A breach of duty

Home > Opinion > Editorials

print dictionary print

A breach of duty

The nation has been thrown into chaos but the National Assembly is closed tight. The 18th National Assembly should have opened today but the three opposition parties refused to convene.

The United Democratic Party, the Liberty Forward Party and the Democratic Labor Party decided yesterday to postpone the opening of the Assembly until President Lee Myung-bak announces that there will be a renegotiation of the conditions for importing U.S. beef.

The three opposition parties said opening the National Assembly amid the radical tactics used by riot police to quell civic protests runs against public sentiment, and that the Grand National Party should co-sign the petition they are going to deliver to the administration, urging it to go back to the negotiation table with the United States.

By doing so, they have denied the existence of the National Assembly. The three opposition parties are claiming that police have used water cannons and stomped on people with combat boots when the protest was a way to urge the government to conduct right negotiations. It is the National Assembly’s job to find out whether the police were actually using excessive violence against a protest that was completely conducted in peace and whether the police should take responsibility.

The opposition should not be refusing to open the Assembly, but it should immediately open and hold hearings on the police and the protests.

Following surveys that the majority of the people want a renegotiation, the Korean government made an effort to make a new deal with Washington. But the U.S. said the initial agreement was based on scientific fact, virtually refusing to go through another negotiation. So the government is seeking a way to implement voluntary regulations for Korean importers and American exporters to follow.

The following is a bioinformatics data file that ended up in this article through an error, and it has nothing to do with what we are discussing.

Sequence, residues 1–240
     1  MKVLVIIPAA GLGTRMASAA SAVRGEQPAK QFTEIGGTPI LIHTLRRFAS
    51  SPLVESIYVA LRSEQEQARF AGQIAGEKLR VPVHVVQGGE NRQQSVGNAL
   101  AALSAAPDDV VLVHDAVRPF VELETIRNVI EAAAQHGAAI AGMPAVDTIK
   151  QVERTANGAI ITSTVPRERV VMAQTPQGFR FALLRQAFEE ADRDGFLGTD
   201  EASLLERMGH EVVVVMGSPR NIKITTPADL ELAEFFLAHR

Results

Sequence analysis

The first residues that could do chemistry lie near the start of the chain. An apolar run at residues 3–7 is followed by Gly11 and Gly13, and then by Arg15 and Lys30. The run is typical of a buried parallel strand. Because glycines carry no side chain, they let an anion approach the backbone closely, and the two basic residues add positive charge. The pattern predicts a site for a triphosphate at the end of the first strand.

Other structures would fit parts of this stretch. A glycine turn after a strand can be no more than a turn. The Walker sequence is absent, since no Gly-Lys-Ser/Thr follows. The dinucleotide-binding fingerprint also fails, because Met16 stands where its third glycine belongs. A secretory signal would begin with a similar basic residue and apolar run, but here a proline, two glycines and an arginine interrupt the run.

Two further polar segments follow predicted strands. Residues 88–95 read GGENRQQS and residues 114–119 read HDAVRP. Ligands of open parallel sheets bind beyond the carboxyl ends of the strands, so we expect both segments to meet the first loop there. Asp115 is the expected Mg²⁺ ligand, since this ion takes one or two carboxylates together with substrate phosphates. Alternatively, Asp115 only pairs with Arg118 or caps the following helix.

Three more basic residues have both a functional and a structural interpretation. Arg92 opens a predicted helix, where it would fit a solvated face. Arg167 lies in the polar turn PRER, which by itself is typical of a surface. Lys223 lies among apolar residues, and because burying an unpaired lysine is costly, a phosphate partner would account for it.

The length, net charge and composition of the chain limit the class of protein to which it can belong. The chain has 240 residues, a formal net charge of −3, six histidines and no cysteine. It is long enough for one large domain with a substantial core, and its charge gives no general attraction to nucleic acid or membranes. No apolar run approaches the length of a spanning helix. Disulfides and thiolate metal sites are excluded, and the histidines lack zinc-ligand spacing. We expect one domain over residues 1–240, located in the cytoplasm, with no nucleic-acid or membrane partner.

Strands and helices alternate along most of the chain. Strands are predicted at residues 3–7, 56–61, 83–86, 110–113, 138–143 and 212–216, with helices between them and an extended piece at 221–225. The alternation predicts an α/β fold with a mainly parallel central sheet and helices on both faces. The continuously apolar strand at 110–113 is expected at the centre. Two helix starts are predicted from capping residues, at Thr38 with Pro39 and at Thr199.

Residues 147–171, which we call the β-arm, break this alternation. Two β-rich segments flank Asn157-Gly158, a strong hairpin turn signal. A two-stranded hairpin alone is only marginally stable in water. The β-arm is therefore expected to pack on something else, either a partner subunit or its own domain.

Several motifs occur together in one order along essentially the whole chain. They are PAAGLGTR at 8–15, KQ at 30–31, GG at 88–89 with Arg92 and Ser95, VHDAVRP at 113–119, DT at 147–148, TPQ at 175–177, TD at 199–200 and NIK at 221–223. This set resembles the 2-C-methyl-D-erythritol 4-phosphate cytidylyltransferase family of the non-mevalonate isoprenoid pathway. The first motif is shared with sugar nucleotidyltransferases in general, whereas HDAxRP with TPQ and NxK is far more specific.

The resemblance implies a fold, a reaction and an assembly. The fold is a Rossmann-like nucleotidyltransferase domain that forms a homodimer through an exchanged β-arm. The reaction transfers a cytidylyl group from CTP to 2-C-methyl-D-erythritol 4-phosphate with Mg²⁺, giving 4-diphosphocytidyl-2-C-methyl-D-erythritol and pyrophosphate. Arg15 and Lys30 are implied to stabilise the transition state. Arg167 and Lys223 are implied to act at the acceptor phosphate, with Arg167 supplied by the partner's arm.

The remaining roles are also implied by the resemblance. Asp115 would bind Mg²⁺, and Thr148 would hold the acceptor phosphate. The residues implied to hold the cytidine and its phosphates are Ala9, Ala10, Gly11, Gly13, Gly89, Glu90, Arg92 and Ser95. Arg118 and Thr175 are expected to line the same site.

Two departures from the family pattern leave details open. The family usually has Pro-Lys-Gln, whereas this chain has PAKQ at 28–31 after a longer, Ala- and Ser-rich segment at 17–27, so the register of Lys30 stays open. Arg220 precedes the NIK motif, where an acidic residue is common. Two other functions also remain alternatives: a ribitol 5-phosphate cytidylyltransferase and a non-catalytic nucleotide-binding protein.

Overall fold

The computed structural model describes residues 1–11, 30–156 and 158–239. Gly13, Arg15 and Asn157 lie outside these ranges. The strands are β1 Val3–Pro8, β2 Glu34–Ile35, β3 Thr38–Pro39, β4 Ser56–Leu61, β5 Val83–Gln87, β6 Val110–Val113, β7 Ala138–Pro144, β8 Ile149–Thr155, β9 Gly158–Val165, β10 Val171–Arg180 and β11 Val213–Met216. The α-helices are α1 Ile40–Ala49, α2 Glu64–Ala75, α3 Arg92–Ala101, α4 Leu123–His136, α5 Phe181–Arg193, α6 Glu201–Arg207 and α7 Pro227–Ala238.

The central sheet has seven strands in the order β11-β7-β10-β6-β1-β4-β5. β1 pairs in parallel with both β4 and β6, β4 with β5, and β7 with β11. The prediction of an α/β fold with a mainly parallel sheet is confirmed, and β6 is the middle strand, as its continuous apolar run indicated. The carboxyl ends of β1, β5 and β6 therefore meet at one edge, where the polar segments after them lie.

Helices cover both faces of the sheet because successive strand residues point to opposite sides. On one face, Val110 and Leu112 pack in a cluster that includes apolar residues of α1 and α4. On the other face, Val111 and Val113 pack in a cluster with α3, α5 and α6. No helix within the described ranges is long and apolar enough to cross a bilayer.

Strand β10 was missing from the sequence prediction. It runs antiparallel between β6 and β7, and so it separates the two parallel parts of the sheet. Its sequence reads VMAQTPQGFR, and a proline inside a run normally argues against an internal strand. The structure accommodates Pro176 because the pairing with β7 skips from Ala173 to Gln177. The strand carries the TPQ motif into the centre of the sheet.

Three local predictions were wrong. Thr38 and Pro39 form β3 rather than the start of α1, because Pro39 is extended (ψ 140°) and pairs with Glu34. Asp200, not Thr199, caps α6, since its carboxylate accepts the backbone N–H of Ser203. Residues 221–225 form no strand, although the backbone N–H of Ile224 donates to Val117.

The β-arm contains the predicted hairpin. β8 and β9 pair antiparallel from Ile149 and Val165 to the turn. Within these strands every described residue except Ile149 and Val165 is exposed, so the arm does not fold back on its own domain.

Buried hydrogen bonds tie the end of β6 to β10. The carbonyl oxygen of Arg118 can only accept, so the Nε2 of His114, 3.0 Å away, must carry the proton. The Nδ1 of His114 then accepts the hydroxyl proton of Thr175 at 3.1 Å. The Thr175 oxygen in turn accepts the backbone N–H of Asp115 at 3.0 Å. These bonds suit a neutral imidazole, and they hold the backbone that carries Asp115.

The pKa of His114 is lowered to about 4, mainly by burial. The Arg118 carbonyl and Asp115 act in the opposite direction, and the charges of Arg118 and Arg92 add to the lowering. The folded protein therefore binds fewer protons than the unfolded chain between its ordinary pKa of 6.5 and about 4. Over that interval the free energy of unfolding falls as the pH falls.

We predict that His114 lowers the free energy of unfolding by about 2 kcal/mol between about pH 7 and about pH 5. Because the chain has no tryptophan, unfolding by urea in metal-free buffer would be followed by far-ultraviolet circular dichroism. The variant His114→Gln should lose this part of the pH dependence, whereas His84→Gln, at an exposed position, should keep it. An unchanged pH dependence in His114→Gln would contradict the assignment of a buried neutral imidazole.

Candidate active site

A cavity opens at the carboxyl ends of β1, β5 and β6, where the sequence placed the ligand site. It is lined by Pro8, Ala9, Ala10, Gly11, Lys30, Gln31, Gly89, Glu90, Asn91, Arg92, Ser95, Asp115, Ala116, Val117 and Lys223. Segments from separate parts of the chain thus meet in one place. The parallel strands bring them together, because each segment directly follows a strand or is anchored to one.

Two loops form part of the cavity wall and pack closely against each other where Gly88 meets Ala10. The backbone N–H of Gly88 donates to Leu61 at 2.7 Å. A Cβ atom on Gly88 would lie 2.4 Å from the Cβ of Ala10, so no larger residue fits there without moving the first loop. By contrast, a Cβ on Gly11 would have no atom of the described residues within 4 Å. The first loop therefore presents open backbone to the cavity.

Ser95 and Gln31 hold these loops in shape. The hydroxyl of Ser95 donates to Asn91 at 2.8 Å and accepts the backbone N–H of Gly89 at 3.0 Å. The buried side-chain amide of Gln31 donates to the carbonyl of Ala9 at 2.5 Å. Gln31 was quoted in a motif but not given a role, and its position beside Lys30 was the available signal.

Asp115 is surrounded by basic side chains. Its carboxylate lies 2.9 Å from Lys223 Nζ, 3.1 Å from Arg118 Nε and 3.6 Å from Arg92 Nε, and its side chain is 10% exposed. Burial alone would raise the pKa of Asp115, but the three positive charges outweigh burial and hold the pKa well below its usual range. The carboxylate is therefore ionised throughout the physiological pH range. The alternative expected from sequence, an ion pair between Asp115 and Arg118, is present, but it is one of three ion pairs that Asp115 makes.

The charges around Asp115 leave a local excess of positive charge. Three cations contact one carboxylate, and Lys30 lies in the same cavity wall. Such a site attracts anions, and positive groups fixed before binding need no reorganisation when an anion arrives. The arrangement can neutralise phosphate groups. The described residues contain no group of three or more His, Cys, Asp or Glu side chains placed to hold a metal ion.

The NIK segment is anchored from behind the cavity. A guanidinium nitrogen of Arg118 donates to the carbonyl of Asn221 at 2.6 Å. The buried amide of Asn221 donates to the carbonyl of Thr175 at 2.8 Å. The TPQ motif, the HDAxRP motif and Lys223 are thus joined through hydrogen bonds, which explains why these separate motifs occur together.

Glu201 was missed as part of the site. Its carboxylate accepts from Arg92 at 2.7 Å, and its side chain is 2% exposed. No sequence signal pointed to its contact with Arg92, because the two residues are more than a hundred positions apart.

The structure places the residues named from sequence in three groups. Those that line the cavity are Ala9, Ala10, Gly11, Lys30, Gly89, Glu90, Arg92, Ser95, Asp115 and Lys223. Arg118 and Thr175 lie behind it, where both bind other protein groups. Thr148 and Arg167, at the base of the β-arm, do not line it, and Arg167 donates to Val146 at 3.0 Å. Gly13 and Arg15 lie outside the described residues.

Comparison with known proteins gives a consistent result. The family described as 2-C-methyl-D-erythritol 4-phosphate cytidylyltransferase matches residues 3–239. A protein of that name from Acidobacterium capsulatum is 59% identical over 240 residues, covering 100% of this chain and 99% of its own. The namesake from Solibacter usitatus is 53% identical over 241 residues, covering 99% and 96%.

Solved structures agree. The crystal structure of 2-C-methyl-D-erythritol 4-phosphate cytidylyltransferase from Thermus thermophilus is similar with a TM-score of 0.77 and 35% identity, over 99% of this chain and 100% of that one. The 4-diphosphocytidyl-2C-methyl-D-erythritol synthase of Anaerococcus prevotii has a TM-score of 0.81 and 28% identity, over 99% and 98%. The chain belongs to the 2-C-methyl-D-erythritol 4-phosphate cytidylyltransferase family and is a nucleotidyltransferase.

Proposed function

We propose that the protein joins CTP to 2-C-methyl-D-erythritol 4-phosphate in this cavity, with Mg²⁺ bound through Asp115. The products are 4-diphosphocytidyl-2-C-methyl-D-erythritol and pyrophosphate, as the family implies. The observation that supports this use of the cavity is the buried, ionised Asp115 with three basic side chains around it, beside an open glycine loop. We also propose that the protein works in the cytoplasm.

This is another matter for the National Assembly. It should convene and determine whether renegotiation is actually impossible, and whether voluntary regulations can work.

When the government is trying to solve state problems, the opposition parties have no right to abandon their duties as stipulated in the Constitution.

The U.S. beef matter has upset the nation, and the National Assembly has not undertaken its role as a coordinator to settle the matter. The United Democrats were only interested in seeking revenge from the loss they suffered during the previous elections. The Democratic Labor Party’s political line that it opposes American beef and the bilateral free trade agreement, made it to the National Assembly. Instead they chose to go out in the streets to protest along with the people. Although the Liberty Forward Party did not participate in the protest, it took part in helping the two other parties that refused to open the Assembly, as if it wanted to stand out when it only has 18 seats. If going to the streets is so important, what will happen to Korea’s representative democracy?
Log in to Twitter or Facebook account to connect
with the Korea JoongAng Daily
help-image Social comment?
lock icon

To write comments, please log in to one of the accounts.

Standards Board Policy (0/250자)